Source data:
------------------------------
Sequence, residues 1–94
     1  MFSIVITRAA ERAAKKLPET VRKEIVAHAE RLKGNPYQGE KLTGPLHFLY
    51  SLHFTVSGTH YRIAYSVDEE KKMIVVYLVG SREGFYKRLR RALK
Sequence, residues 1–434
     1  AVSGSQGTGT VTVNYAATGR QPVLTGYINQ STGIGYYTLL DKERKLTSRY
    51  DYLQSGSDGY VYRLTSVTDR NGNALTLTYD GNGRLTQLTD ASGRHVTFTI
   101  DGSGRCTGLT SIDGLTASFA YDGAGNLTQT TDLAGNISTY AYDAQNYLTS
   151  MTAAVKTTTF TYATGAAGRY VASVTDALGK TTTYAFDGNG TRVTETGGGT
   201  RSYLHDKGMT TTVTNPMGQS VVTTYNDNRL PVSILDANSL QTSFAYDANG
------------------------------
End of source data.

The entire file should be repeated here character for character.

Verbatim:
Sequence, residues 1–94
     1  MFSIVITRAA ERAAKKLPET VRKEIVAHAE RLKGNPYQGE KLTGPLHFLY
    51  SLHFTVSGTH YRIAYSVDEE KKMIVVYLVG SREGFYKRLR RALK
Sequence, residues 1–434
     1  AVSGSQGTGT VTVNYAATGR QPVLTGYINQ STGIGYYTLL DKERKLTSRY
    51  DYLQSGSDGY VYRLTSVTDR NGNALTLTYD GNGRLTQLTD ASGRHVTFTI
   101  DGSGRCTGLT SIDGLTASFA YDGAGNLTQT TDLAGNISTY AYDAQNYLTS
   151  MTAAVKTTTF TYATGAAGRY VASVTDALGK TTTYAFDGNG TRVTETGGGT
   201  RSYLHDKGMT TTVTNPMGQS VVTTYNDNRL PVSILDANSL QTSFAYDANG